Editor's Note: This is a re-post with modified content to correct math errors. Thanks to those who were kind enough to point them out.
If you are like most Requesters you spend as little time as possible qualifying your Workers. You probably send your HITs to all Workers with a 90% approval rate. But approval rate and accuracy are two different things. As an experiment we did recently with a Requester demonstrates:
HITs were sent through the system multiple times varying only the Qualifications. Half the HITs went to pre-qualified Photo Moderation Masters. We sent the other half to Workers with a 95% approval rate. Each HIT asked Workers to determine if the Photo met certain guidelines (inappropriate content and the # of people in the photo).
Masters answers were accurate 99% of the time. Workers who completed the other group of HITs (Workers with a 95% approval rate) were 90% accurate. Masters also were much more consistent. They had a much narrower range of accuracy - from 95% - 100% accuracy meaning the “worst” Master was still 95% accurate. Workers in the broader group ranged from 68 – 100% accurate.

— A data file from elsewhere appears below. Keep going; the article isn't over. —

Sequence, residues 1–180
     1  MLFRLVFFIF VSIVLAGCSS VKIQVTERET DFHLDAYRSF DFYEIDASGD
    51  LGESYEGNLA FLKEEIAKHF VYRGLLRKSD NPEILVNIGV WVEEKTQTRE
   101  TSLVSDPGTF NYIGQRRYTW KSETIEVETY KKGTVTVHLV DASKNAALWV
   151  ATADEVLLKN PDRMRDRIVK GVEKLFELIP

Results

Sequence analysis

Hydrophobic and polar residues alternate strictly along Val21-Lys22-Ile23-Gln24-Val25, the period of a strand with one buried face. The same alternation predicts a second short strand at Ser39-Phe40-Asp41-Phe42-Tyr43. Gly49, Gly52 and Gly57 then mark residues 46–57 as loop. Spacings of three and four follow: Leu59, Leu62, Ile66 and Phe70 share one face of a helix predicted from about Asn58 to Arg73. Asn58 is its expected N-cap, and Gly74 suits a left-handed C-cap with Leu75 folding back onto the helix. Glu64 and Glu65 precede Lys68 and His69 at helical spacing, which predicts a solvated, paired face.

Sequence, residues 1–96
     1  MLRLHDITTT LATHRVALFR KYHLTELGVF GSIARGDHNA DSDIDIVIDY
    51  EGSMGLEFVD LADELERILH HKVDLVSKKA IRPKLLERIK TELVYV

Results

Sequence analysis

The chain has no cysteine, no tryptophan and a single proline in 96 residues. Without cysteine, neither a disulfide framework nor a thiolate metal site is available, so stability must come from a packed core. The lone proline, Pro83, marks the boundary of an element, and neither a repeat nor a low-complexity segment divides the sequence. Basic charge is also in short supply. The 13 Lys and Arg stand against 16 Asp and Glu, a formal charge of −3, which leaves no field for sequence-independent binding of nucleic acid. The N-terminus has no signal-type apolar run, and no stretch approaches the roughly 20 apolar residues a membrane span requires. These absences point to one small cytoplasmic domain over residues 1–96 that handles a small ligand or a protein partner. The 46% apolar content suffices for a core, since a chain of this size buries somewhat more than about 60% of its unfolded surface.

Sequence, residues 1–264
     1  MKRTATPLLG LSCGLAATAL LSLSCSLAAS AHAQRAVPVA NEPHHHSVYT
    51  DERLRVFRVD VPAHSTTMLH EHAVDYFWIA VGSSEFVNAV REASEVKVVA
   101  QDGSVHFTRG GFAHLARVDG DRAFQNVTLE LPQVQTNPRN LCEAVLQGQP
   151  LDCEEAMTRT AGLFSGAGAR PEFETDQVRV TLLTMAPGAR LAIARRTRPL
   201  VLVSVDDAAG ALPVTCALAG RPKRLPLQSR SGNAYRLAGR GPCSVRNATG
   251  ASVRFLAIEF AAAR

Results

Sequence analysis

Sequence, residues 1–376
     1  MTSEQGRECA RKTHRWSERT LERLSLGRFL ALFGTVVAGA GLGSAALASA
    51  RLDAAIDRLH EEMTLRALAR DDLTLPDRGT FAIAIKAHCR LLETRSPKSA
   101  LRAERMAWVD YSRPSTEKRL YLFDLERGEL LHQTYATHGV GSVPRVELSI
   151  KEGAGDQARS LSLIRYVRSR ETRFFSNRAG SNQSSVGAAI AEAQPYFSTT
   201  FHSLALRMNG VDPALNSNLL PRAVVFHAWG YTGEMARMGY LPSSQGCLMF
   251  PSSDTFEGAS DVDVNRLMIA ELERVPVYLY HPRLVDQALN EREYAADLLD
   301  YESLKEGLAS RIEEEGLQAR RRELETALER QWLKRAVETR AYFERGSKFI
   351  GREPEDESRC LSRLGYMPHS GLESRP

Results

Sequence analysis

Less accurate Workers will have a lot more disagreements. Workers with 68% accuracy will agree on the correct answer less than 50% of the time and they will agree on a wrong answer 10% of the time. They will disagree about 40% of the time*. If you’re like most Requesters, you will ask more Workers to complete the same HITs in order to resolve these disagreements. This will increase the time and money you spend. Avoid this complexity and rework by using Workers that will give you accurate results – either by using Masters or creating your own Qualifications based on Worker accuracy. You’ll get MUCH better accuracy.
P.S. Note that while I talk about using plurality for judging accuracy, I did not recommend using plurality to determine what assignments to approve or reject. More on why in a future post…
* This assumes Worker error is independent and independently distributed, and also that the question has only 2 options; with more options, inaccurate workers are more likely to simply disagree instead of agreeing on an incorrect option.